The program concludes with an optional 2:30 - 3:30 p.m. "Computer Technology in Agriculture" presentation by Stan Bevers, Extension Economist-Management Specialist from Vemon.

Sponsoring County Extension offices involved with the program include: Coke, Concho, Irion, Runnels, Schleicher, Sterling, and Tom Green.

For further information call any of the County Extension Agents in the seven counties.

Registration fees are $10 before Nov. 3 and $15 thereafter. Those wishing to RSVP may do so by calling the Tom Green County Extension Office at 915-659-6523.

Freeport declares cash distribution for Sept.

Freeport-McMoRan Resource Partners, Limited Partnership (NYSE:FRP) recently declared a cash distribution for the quarter ended September 30, 1997 of $0.10 per unit payable November 15, 1997 to unitholders of record at the close of business on October 31, 1937.

This cash distribution was determined by available distributable cash resulting from operations of the partnership and the terms of the partnership agreement.

FRP is engaged in the production and sale of phosphate fertilizers and animal feed ingredients as well as the mining and sale of phosphate rock through IMC-Agrico Company, the mining, purchasing, transporting, terminalling and marketing of sulphur, and the exploration, development and production of oil and gas reserves.

Cost-cutting alters cotton distribution

PECOS, October 28, 1997 - Recent changes in U.S. cotton marketing patterns include costcutting transportation arrangements and innovative merchandising techniques.

These trends are described in US. Cotton Distribution Patterns, 1993/94, a new report from USDA's Economic Research Service, which also notes that cotton shipments increased sharply across the Cotton Belt in 1993/94 because of greatly expanded domestic demand and strong export sales.

Significant cotton transport cost savings have resulted from intermodal transportation arrangements, such as gin yard container loading, rail-truck piggyback shipments, and special through-rate programs offered by some ocean carriers.

Trucks handled about 85 percent of all shipments and rail carriers the rest. In intermodal transportation, truck trailers or containers are loaded on flatbed rail cars.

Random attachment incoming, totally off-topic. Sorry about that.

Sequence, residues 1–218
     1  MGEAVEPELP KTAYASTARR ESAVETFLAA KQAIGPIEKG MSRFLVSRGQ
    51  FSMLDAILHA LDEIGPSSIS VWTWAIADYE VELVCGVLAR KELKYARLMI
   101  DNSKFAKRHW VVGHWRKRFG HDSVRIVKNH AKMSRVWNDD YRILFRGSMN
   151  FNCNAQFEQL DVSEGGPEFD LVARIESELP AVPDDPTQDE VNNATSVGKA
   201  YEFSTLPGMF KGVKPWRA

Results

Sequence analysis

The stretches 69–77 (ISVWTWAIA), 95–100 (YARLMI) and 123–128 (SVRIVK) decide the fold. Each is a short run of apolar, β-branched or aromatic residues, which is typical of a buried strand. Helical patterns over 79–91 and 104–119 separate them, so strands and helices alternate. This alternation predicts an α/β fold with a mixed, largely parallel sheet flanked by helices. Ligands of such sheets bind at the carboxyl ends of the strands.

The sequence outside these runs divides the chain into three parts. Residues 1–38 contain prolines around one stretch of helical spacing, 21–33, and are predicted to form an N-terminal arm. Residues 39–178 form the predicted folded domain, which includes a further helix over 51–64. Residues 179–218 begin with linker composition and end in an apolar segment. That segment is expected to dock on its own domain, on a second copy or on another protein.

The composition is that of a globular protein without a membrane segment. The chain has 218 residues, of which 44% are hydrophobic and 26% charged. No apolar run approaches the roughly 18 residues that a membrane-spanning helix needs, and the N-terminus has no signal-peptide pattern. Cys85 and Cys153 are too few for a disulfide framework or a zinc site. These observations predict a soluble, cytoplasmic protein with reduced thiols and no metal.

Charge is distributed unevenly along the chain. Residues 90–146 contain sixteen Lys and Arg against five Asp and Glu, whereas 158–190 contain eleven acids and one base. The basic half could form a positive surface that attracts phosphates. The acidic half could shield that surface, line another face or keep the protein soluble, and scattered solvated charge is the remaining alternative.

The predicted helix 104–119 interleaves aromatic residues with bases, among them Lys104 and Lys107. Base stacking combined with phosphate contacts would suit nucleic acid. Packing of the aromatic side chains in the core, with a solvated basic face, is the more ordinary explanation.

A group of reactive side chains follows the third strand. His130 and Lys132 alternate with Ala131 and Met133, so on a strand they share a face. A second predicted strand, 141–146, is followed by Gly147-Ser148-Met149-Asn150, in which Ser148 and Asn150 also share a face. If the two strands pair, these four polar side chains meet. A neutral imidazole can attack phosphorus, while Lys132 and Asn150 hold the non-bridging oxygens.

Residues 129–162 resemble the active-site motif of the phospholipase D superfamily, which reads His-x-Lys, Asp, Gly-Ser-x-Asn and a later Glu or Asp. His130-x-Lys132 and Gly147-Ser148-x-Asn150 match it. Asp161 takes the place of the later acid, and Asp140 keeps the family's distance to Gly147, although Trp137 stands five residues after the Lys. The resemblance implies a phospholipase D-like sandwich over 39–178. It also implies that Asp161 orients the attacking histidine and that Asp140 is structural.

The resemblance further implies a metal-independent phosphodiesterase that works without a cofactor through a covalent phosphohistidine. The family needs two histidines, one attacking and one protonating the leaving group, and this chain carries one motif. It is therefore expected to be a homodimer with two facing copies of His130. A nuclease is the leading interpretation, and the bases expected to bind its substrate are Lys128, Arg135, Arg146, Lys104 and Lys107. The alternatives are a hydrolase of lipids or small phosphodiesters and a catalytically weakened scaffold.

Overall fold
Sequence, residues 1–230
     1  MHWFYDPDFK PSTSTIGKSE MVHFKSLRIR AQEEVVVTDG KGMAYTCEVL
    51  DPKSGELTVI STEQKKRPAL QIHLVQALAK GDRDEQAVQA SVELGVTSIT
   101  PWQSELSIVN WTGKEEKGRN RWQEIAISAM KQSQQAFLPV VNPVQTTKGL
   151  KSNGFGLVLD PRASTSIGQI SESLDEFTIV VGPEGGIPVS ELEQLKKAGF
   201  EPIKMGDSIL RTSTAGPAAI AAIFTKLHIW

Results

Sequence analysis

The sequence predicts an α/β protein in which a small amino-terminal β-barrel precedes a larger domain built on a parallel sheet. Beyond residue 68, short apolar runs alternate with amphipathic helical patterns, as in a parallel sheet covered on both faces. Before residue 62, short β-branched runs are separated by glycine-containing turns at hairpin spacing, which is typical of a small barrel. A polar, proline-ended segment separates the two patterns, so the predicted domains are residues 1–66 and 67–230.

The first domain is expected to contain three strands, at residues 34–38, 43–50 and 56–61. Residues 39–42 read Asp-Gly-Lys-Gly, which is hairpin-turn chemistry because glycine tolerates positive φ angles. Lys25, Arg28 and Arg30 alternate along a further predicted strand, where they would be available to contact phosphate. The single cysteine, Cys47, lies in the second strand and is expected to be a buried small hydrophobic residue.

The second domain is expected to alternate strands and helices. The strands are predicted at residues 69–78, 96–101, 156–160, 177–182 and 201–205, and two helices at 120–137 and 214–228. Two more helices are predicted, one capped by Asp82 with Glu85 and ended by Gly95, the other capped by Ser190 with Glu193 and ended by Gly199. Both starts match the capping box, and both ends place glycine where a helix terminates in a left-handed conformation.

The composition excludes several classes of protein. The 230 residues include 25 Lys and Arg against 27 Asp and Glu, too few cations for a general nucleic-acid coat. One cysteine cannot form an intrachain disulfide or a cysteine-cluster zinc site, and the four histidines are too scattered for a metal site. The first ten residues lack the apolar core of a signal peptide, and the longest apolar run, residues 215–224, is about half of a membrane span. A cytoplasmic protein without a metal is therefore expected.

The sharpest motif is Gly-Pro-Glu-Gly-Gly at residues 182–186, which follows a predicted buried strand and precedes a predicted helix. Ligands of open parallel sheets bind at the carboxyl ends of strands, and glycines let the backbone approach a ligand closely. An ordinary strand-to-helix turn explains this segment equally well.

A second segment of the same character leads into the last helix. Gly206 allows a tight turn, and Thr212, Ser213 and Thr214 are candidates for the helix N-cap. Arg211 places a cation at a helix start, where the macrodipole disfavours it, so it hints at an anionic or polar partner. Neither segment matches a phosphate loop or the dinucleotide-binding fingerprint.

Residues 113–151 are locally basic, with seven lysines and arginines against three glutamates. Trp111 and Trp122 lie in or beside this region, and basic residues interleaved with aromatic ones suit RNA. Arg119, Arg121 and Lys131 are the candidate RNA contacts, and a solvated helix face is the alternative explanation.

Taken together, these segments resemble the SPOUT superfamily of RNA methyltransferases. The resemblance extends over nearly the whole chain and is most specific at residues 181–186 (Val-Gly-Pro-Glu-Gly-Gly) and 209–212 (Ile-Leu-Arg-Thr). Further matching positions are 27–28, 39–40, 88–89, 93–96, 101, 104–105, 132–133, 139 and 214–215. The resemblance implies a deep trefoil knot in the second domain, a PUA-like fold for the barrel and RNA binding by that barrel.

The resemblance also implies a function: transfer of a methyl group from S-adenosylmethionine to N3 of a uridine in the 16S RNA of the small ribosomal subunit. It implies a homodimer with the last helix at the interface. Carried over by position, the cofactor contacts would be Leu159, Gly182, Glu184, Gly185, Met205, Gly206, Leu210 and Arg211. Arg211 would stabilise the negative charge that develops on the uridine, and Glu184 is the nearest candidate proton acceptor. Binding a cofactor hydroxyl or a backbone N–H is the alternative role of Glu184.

At the same time, larger and fewer shipments, both within U.S. regions and across them, have concentrated the movement of cotton. About 37 percent of the total volume of cotton transported in 1993/94 was exported, going primarily to ports on the Pacific coast, and to Canada and Mexico. That 37 percent was substantially lower than the 48 percent during the 1986/87 season.

This report is the latest in a series on transportation of U.S. cotton. Previous reports covering 1970,1975, 1980, and 1986 are out of print, but this report includes some data on those years. The data for 1993/94 were collected in a survey of cotton storage and handling facilities in the 14 major cotton-producing States.

U.S. cotton production has increased from an annual average of 12.5 million bales in the 1980's to more than 16.1 million bales in the 1993/94 season. In the Southeast, production more than doubled in that time period. In addition, the 1990 Farm Act, with its cotton competitiveness provisions, enabled both domestic and export markets for U.S. cotton to expand to near-record levels.

During the 1980's, about had of all shipments went to domestic mills and the rest to ports for export. But by 1993/94, the domestic market was taking nearly twothirds of total shipments, altering regional demand for transportation services and overall distribution patterns.

Railroad deregulation and the closing of many spur lines have changed the means by which U.S. cotton reaches its ultimate destination.

During the 1993/94 season, some States and regions reported shipments exceeding production because of cotton that went into the market from stocks. Total marketings for the year exceeded 17 million bales, with ending stocks declining by more than 1 million bales from year-earlier levels.